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Coronary heart disease among Veterans: How do men and women differ?

March 31, 2015

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A new VA study has homed in on the clinical differences between men and women Veterans who undergo procedures in cardiac cath labs like this one at the Pittsburgh VA. (Photo by Glenn Hangard)

A new VA study has homed in on the clinical differences between men and women Veterans who undergo procedures in cardiac cath labs like this one at the Pittsburgh VA. (Photo by Glenn Hangard)

In a recent study, women Veterans who underwent cardiac catheterization in VA tended to be younger and more obese, and were more likely to have posttraumatic stress disorder or depression, than their male counterparts. Notwithstanding the differences, their long-term outcomes were about the same as those of their male counterparts.

The study appears in the March 2015 issue of Circulation. Cardiovascular Quality and Outcomes.

Over the past decade, the numbers of women Veterans seeking VA care have doubled, and they are the fastest-growing group within VA. These women bring with them a sizeable burden of heart disease. Studies of non-Veteran women have shown that women have more risk factors, receive less aggressive treatment, and have worse overall outcomes than men when it comes to coronary artery disease.

In this form of heart disease, the arteries supplying blood to the heart become narrowed or blocked. Generally, the term is used interchangeably with "coronary heart disease."

"More women than men die of coronary heart disease in the United States. It's a huge problem," says Dr. Claire Duvernoy, chief of cardiology at the VA Ann Arbor HealthCare System and a professor of medicine at the University of Michigan.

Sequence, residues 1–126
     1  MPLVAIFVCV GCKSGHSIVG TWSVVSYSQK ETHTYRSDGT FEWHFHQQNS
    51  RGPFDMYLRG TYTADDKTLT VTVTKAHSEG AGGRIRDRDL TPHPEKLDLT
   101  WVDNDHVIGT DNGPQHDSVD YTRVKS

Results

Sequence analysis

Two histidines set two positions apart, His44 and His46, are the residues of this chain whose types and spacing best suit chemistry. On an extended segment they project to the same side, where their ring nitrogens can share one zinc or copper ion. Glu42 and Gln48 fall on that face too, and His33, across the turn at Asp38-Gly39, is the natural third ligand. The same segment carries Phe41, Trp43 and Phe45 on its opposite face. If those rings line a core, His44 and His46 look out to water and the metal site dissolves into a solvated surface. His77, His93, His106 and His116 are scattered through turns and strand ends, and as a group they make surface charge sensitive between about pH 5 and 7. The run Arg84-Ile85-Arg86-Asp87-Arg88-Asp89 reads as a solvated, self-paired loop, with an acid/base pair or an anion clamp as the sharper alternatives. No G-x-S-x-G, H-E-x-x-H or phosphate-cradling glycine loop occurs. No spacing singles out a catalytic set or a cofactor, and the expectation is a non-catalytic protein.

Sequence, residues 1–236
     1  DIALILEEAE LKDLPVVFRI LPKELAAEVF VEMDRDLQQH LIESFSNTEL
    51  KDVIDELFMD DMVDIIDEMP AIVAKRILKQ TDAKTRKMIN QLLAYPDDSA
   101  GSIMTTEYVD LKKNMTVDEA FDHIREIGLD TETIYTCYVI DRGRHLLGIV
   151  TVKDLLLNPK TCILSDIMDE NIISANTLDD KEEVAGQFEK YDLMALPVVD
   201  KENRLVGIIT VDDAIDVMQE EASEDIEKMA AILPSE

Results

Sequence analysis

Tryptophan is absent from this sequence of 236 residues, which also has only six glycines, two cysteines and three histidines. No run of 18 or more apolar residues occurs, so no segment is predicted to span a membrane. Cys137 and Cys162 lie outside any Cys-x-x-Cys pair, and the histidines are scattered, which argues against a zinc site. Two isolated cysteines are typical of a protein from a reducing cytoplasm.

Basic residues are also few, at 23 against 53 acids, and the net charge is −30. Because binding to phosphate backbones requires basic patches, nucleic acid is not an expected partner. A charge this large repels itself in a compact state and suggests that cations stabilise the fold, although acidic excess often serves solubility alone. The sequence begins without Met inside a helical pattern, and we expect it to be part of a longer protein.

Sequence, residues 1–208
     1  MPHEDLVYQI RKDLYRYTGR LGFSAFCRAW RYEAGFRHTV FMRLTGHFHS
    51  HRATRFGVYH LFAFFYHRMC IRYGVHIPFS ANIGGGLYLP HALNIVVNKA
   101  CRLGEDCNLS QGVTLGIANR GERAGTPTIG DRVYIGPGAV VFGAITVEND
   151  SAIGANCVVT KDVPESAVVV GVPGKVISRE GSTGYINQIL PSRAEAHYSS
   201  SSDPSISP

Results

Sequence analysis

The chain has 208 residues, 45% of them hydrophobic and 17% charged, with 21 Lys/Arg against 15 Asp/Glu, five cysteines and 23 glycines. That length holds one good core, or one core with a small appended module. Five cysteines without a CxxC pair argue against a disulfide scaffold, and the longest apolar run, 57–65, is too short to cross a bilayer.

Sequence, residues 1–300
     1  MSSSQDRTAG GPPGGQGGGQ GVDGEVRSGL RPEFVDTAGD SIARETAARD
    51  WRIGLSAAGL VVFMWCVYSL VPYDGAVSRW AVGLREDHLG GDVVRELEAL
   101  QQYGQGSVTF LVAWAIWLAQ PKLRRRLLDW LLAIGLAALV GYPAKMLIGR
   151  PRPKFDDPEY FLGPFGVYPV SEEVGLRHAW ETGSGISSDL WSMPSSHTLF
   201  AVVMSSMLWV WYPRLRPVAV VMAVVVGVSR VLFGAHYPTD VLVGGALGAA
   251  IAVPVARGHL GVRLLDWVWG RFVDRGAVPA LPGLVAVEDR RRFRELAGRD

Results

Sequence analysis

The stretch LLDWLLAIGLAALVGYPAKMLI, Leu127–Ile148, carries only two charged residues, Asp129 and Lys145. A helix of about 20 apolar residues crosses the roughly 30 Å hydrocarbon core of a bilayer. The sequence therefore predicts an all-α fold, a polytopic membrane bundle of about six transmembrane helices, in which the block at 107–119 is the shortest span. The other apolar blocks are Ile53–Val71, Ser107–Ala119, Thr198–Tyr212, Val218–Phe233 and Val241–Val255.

Interestingly, men actually have higher rates of coronary artery disease than women, but because women tend to live longer, they eventually catch up and die at higher rates from the disease, notes Duvernoy.

Study reviewed charts of nearly 86,000 Veterans

For the study, Duvernoy and other researchers looked at nearly 86,000 Veterans, nearly 3,200 of whom were women. All the Veterans underwent initial cardiac catheterization in VA between October 2007 and September 2012. The average age for women undergoing the catheterization was about 57, six years younger than their male counterparts.

Women were also more likely than male Veterans to be depressed (55 percent versus 31 percent) and to have PTSD (20 percent versus 16 percent). They were also significantly less likely to have obstructive coronary disease, and consequently less likely to be prescribed heart medications.

Part of the reason, says Duvernoy, is the way coronary artery disease presents itself in women. While men tend to have higher rates of obstruction and more traditional heart risks, women often don't experience blockages to the same extent. "Women present with lower rates of obstruction," says Duvernoy. "For them, the disease tends to be less focal and perhaps more microvascular."

Because there is a lesser chance of finding a blockage, says Duvernoy, providers can sometimes misdiagnose the problem.

"Unfortunately, that has been a struggle. These women come in with chest pain but they don't have an obstruction. When that happens, there is a risk that the provider thinks their patient is just having non-cardiac chest pain or that they don't have 'real coronary disease.'" However, she says, "These patients still need aggressive medical therapy and lifestyle modifications."

The mental health connection

Perhaps most surprising to Duvernoy was the role mental health, particularly depression and PTSD, played in the presentation of many of these patients.

"It's something that really deserves closer attention," she says. "It's complicated. Depression and PTSD can manifest in chest-pain syndrome that isn't related to obstructive coronary disease. But at the same time, they're both risk factors for later development of coronary artery disease. So it's something we need to address. Part of that is ensuring that cardiologists coordinate with mental health providers to make certain that we can provide optimal care for these patients."





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